My reasons for undertaking the ungenteel expedition may be stated in a few words. It is tolerably well known that our fields of human industry are curiously prolific of weeds, picturesque at times, perhaps, but always unprofitable. About the hives where bees cheerfully toil, idle drones loaf idly all their lives, contributing to the commonwealth neither wax nor honey, but ever alert to obtain by hook or by crook as much of both as serves to keep them fat and comfortable in their laziness. These are of the tramp tribe.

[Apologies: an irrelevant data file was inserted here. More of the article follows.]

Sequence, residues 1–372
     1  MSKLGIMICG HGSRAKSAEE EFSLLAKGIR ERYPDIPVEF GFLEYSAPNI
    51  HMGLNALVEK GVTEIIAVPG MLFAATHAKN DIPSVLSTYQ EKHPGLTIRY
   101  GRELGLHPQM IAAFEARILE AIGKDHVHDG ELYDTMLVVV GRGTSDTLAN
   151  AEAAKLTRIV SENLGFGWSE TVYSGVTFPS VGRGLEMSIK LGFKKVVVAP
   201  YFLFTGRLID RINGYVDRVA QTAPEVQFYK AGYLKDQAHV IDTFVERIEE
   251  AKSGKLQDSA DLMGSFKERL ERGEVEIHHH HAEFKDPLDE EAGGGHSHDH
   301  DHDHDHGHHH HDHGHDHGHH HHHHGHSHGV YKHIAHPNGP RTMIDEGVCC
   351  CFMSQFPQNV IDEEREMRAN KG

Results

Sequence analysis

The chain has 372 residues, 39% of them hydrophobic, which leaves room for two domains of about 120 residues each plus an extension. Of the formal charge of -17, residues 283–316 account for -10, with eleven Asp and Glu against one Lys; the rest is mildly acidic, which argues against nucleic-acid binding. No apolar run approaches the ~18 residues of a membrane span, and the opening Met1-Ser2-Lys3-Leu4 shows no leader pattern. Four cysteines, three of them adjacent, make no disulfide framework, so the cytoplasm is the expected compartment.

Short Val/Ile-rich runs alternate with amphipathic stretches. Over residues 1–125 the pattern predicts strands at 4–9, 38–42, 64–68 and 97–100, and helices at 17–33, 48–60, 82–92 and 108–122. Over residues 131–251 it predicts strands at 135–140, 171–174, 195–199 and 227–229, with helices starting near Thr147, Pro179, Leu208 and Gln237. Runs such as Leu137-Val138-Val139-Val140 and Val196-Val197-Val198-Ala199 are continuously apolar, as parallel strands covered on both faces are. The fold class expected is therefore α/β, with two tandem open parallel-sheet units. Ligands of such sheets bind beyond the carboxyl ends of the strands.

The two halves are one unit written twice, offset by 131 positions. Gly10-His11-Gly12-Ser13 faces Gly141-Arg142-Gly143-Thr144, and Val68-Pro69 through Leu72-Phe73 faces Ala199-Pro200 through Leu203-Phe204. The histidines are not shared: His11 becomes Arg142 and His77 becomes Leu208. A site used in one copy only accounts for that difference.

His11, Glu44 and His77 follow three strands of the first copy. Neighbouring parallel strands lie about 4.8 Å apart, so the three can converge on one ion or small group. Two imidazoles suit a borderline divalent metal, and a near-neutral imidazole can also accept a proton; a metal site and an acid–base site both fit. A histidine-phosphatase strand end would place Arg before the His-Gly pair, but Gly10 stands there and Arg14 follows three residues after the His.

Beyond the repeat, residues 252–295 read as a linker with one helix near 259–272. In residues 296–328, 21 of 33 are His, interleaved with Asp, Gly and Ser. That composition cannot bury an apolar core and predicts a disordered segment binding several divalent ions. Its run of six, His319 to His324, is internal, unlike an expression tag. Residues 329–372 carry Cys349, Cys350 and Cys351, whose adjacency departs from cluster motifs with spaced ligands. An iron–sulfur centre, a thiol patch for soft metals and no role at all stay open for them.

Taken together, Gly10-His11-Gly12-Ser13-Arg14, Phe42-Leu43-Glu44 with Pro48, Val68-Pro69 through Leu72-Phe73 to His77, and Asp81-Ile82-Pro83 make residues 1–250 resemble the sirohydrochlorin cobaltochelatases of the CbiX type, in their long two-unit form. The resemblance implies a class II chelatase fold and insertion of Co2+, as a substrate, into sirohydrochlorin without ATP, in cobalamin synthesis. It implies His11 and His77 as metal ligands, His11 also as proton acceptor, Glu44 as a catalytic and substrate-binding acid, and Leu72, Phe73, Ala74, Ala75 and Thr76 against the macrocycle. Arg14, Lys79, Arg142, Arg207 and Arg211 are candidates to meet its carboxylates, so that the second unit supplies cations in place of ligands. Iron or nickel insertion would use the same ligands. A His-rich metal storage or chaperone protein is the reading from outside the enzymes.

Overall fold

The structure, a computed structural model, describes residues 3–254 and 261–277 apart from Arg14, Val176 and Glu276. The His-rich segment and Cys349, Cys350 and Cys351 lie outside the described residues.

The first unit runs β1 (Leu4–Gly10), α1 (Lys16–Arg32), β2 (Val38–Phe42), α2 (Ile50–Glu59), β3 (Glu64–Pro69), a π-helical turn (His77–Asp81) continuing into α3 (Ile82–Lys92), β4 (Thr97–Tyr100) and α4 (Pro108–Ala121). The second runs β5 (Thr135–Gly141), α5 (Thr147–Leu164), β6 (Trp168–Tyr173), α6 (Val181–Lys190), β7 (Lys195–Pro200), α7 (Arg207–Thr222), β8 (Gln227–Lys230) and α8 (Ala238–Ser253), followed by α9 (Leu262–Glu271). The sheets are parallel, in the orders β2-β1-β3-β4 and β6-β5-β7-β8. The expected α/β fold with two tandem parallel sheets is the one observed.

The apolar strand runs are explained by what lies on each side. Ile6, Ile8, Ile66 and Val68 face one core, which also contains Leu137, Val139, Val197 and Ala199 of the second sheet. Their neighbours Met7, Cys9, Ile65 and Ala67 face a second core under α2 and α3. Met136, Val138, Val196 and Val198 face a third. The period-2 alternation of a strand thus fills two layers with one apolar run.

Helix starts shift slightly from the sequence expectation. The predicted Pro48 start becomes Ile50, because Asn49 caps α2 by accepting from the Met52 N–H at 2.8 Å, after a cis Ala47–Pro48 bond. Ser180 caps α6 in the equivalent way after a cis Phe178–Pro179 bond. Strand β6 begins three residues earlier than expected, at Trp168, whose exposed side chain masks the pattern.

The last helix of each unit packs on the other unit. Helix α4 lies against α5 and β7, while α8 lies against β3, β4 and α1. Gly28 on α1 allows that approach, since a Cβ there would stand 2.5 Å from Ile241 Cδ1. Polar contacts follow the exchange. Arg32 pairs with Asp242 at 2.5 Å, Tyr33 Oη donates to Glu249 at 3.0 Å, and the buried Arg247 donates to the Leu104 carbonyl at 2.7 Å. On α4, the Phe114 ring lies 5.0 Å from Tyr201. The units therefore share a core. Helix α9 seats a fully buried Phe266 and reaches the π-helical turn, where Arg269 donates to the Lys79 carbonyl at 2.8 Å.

Vagabonds born and bred for the most part; free rovers, who resent and despise the trammels of civilisation and responsibilities thereto pertaining, and willingly endure the hardships of highway journey-work, and take their chance of fair or foul weather, food good or bad, plentiful or scanty; taking, just as it may happen, the lodging under a house-roof and in a bed, or beneath a hedge, with the dewy grass for a cold counterpane, and all for the pleasure of indulging in unlimited liberty of much the same kind as falls to the lot of an able-bodied homeless dog.
James Greenwood, On Tramp